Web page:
This leads to a situation that keeps the software alive, but not necessarily moving forward. “Since none of us are getting paid, we only work on things were motivated to work on, which isn’t necessarily what’s best for our users or for the project,” says Beckert.
The year of programming dangerously
Henry Smith took a very different route to patronage, turning to Kickstarter to raise money to fund devoting his time to making games. Smith released Spaceteam in 2012, a multiplayer iOS game that he originally considered releasing entirely free. But at the last moment, after reviewing Apple’s rules and believing they prevented a pure donation IAP, he added an in-game upgrade that was completely unnecessary, but “would only be interesting if you were already enjoying the game.” He notes, “That was OK with me, because I wanted to give someone at least a token appreciation.”
That proved a fortuitous move, as people did enjoy the game, and they upgraded sufficiently often to provide a revenue stream. That revenue, combined with game contests and other awards that came with money, let him leave his full-time work. But he wanted a more reliable revenue stream, and turned to people who liked his work so far.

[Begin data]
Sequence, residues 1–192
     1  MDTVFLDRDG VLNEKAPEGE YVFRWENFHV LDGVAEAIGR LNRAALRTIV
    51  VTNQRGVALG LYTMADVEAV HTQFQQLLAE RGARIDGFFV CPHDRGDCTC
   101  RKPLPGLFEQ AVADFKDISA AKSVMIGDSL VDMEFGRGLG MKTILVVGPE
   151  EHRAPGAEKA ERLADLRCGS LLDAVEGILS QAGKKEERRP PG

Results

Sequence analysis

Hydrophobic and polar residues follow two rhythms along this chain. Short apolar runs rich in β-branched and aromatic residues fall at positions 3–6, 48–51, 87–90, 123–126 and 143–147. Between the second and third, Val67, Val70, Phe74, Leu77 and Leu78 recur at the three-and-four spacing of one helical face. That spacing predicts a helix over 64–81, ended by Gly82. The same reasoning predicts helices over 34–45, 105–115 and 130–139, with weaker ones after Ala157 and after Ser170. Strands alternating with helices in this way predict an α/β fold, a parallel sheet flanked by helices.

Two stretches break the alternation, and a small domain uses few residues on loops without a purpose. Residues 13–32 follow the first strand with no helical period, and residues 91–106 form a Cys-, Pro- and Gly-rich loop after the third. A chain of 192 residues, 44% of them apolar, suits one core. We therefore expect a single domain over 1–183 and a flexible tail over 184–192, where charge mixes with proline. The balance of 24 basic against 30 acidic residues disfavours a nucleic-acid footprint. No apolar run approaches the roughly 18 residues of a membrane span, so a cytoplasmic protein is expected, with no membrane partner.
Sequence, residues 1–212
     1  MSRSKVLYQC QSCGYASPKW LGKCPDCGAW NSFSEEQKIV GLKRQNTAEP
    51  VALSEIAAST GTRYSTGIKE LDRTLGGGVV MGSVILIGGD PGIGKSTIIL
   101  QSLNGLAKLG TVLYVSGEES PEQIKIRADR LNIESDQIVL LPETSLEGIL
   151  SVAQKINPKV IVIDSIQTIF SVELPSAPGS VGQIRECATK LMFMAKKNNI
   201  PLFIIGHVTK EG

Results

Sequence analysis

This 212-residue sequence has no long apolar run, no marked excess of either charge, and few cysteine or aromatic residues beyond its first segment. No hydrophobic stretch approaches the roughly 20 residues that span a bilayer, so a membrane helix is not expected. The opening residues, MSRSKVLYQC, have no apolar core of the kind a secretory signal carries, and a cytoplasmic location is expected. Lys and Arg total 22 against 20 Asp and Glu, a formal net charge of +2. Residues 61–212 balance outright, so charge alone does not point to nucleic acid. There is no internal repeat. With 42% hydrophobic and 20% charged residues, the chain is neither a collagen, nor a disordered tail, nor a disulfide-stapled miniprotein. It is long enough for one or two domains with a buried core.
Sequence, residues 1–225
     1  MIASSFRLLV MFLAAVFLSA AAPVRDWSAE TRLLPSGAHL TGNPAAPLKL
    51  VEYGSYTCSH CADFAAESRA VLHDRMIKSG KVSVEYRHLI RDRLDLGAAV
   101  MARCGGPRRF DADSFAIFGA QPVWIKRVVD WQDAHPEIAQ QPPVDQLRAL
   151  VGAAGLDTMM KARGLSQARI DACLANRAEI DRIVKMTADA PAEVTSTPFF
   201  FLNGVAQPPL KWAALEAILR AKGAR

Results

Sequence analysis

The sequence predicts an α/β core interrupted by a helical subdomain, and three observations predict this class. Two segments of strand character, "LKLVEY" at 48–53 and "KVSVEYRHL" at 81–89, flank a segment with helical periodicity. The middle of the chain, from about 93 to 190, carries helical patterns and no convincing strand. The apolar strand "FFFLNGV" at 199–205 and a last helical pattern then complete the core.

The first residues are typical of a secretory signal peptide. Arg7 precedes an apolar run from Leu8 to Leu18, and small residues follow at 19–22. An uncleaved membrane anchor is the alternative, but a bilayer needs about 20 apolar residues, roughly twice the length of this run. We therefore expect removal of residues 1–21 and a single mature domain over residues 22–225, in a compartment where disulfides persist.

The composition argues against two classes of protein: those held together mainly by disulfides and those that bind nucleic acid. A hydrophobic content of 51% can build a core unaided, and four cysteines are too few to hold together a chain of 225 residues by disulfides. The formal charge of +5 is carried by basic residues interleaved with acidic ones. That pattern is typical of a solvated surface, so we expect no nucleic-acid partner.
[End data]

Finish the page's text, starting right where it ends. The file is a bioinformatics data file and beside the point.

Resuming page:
With a Kickstarter crowdfunding campaign, Smith offered to devote his time to making games everyone could play free, with some bonuses and rewards that would allow extras for donors or even full custom versions of Spaceteam. The first pass failed to reach its goal, but it was close enough that he rejiggered it, and it funded on the next go-round. That was nearly 14 months ago.
“It’s allowing me to be totally independent and have complete creative control, for better or worse,” says Smith. What Smith says is that he wanted to find a way to let his audience him. “If I could do it for a year, then that would be awesome. Could I let them support me somehow?” Kickstarter was his answer. He had two million Spaceteam users, and only a tiny fraction have purchased the in-app upgrade, and a smaller number (just over 2,000) backed his second, successful campaign.
This far in, he’s satisfied, although he says, “It didn’t go exactly the way I’d hope, but none of it was super unexpected, and I think it was all a good use of my time.”
With Arment’s example extant, Smith says he’ll likely do more games that have the equivalent of an in-app tip jar, add often one-time and recurring patronage options through Patreon and his website. “I’m still living off the proceeds from the Kickstarter campaign,” he says, and has plans to keep on this route.
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